Apple CEO Tim Cook and a small crowd of his underlings today touted the next iterations of the company's mobile, Mac and wearable operating systems before an exuberant audience of developers and unveiled Apple Music, the company's new streaming service.
Monday's Worldwide Developers Conference (WWDC) keynote focused on software -- the weeklong buffet is for developers, not customers -- and for the second straight year passed on delivering a side order of hardware: A revamped Apple TV, once expected, did not make an appearance.
Instead, Apple hammered on the software and service side, trumpeting improvements in the former and introducing a new service. Early in the event, Cook highlighted native apps on the Apple Watch, which until now has limited those to Apple's own. "We're bringing native apps to the Watch with a new version of the WatchOS," said Cook.
But the most compelling part of the two-and-a-half-hour presentation was strictly for consumers, not developers: Apple Music.
"We do have one more thing," Cook said near the end of the keynote, when he announced the $10-per-month music streaming service, essentially a rebranded and revamped Beats Music, which Apple acquired last year as part of the $3 billion deal for the headphone maker Beats Electronics.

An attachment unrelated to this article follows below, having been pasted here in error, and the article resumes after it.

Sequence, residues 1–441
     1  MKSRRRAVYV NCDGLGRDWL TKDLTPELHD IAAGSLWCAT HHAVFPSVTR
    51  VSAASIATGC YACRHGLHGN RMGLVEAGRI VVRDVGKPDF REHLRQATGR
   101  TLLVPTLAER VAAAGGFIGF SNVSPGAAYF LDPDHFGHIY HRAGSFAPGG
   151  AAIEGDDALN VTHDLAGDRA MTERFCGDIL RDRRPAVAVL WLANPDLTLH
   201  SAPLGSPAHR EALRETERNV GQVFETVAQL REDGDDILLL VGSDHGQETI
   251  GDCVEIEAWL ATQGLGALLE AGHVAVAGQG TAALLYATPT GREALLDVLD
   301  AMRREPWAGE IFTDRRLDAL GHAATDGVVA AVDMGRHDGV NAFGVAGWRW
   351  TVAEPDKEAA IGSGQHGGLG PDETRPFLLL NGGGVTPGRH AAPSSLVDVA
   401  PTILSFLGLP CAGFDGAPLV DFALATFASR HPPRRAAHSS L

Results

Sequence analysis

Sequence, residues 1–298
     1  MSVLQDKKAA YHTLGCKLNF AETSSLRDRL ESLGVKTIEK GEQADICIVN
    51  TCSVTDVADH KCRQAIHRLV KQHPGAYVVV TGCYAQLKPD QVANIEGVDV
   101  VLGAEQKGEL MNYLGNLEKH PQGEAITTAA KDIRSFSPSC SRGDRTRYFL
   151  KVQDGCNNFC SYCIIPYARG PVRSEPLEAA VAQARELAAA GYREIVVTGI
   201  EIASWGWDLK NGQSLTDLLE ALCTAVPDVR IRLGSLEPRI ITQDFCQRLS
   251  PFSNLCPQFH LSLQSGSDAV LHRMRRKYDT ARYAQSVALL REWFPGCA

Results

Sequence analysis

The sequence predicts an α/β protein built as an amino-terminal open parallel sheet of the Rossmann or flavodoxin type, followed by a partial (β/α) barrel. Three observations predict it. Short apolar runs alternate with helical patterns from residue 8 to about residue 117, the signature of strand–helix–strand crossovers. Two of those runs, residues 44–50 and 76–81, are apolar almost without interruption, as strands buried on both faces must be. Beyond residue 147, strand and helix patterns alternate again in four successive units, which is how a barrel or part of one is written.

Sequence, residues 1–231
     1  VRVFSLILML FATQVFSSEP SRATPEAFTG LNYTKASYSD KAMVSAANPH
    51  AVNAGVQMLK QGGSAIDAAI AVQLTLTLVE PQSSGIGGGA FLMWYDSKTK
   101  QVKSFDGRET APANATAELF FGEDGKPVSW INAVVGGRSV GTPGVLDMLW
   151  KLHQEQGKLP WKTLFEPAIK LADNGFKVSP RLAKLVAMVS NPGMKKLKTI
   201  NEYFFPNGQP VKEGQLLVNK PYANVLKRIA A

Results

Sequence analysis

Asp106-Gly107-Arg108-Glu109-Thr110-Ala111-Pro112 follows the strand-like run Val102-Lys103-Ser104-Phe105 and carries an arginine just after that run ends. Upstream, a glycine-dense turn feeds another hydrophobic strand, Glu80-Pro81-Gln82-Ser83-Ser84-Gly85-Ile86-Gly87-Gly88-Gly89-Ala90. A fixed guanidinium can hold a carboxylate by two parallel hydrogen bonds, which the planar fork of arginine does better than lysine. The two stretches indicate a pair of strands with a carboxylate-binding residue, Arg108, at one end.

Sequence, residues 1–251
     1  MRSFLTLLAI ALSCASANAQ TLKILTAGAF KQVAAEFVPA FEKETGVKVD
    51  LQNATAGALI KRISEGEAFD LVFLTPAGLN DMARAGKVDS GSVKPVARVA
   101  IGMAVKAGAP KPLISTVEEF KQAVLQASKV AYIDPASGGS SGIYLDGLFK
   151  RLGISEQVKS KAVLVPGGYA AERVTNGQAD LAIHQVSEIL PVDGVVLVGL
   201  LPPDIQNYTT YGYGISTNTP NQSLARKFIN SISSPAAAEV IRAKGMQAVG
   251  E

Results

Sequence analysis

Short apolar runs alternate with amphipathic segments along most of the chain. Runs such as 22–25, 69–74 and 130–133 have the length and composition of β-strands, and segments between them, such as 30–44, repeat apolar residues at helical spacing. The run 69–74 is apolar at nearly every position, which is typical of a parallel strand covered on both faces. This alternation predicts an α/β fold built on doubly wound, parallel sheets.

Record producer and label owner Jimmy Iovine, who joined Apple -- as did his partner Dr. Dre -- as part of the Beats purchase, stepped on stage for the first time at a company event to introduce Apple Music. "The music industry is a fragmented mess," Iovine said. "Can we build a bigger and better ecosystem?"
Apple Music will be a single app where a customer's entire music collection will reside, but will also provide access to an on-demand backlist catalog leaning on the human-curated playlists that Beats made popular if not profitable. "Algorithms can't do that emotional task," argued Iovine.
Also part of Apple Music: Beats 1, a global digital radio station, and the ability of any artist, even those without record deals, to participate by offering up content.
The latter, said Jan Dawson, chief analyst with Jackdaw Research, was one of the things that may distinguish Apple Music from its streaming competition. "This could be a place where artists stick with," said Dawson, throughout their careers, first as unknown musicians, then known, then, if they're lucky, famous. "Apple Music is unique in that respect."
iTunes purchases and established playlists on iOS and OS X devices will be automatically integrated with Apple Music, said Eddy Cue, who heads Internet software and services, and manages the company's music business. Cue demonstrated the new app, walking through the various components and features of Apple Music, including integration with Siri to call up tracks, genres, tunes from a specific year or those played on a film's soundtrack.
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